Politics & Policy

The Revolution Will Not Be Quelled — GOP Voters Shake Up the System in Colorado

Ted Cruz speaks at the Colorado GOP convention, April 9, 2016. (Jason Connolly/AFP/Getty)

Pollster Pat Caddell has worked for candidates going as far back as George McGovern’s presidential campaign in 1972.  In all this time, during which his politics have evolved into “raging centrism,” he has never seen Americans so bent on upending the establishment. “Politics in the United States today is a revolution, not a revolt,” he and co-authors Scott Miller and Bob Perkins wrote at the Huffington Post in February, predicting that 2016 would be “an election of insurgency.” Evidence of this goes far beyond the Donald Trump and Bernie Sanders insurrections. Caddell’s February polling found that

‐70 percent of voters agree that the federal government today no longer has the consent of the people.

‐79 percent want to support more candidates who are ordinary citizens rather than professional politicians and lawyers.

‐A majority would join a third party if it had a chance to win.

‐77 percent prefer candidates who “take on the political elites and special interests” to those who conform to a fixed ideology.

Caddell’s revolutionary moment could be seen up close and personal this weekend at the state convention of the Colorado Republican party in Colorado Springs. What happened was stunning. Ted Cruz, considered a fringe candidate by the media until four months ago, swept 34 of the 37 delegate slots for the Cleveland convention. Donald Trump placed second, and there was scant support for any establishment figure.

When picking a nominee to challenge Democratic senator Michael Bennet this fall, GOP delegates shocked everyone by humiliating front-runner state senator Tim Neville and his powerful gun-rights backers. Neville didn’t even meet the threshold needed to appear on the state’s June 28 primary ballot.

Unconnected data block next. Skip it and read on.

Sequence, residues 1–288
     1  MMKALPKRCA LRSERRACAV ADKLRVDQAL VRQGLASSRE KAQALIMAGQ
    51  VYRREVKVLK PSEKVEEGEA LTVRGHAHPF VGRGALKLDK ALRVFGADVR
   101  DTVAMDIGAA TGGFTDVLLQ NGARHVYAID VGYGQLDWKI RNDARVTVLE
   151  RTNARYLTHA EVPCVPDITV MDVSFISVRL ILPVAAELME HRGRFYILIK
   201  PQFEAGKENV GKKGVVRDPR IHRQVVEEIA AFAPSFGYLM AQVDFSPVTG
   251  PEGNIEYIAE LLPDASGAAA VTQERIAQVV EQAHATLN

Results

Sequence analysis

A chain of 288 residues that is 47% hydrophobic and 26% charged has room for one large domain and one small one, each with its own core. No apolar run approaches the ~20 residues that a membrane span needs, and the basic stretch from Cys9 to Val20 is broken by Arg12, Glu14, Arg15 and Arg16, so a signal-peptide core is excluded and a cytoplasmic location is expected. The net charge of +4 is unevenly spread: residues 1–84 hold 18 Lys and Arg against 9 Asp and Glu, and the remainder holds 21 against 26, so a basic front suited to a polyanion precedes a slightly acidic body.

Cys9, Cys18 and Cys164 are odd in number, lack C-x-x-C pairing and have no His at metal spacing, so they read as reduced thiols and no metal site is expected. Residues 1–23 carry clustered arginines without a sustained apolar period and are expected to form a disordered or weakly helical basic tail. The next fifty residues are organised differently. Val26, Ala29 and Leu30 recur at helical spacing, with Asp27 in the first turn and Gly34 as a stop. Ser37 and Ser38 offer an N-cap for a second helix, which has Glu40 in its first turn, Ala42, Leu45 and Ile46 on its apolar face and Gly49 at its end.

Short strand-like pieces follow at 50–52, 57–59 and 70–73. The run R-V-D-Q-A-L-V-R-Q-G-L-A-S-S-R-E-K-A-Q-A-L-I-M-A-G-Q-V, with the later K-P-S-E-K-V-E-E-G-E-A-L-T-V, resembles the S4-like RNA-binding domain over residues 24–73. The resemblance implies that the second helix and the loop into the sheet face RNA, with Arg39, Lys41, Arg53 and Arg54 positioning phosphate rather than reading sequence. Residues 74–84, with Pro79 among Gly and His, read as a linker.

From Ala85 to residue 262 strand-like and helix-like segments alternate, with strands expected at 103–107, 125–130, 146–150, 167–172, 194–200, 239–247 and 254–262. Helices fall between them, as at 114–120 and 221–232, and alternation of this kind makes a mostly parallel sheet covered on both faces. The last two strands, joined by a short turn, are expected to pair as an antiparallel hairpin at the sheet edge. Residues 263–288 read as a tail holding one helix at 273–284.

“I’m tired of hearing about Republicans reaching across the aisle. We need to step up and lead, ladies and gentlemen.”

— Darryl Glenn

Instead, they gave 70 percent of the vote to Darryl Glenn, a 49-year-old former Air Force lieutenant colonel who now is a county commissioner in Colorado Springs. The charismatic Glenn gave a rousing speech to the crowd on debt, ending federal funding of sanctuary cities, and the Iran nuclear deal. He called himself a “Christian constitutionalist conservative.” The biggest applause line came when Glenn, an African American, declared, “I hope the reporters are listening, because I’ve got news for them: All lives matter.”

He then made a direct appeal to Republicans who believe that party leaders in Washington have squandered their control of both houses of Congress and been passive in fighting President Obama: “I’m tired of hearing about Republicans reaching across the aisle. We need to step up and lead, ladies and gentlemen.”

Glenn has the momentum coming out of this weekend’s convention, but in the June primary he will still have to defeat four challengers who used an alternate signature-gathering route to secure a place on the ballot. Nevertheless, Glenn is clearly now the man to beat.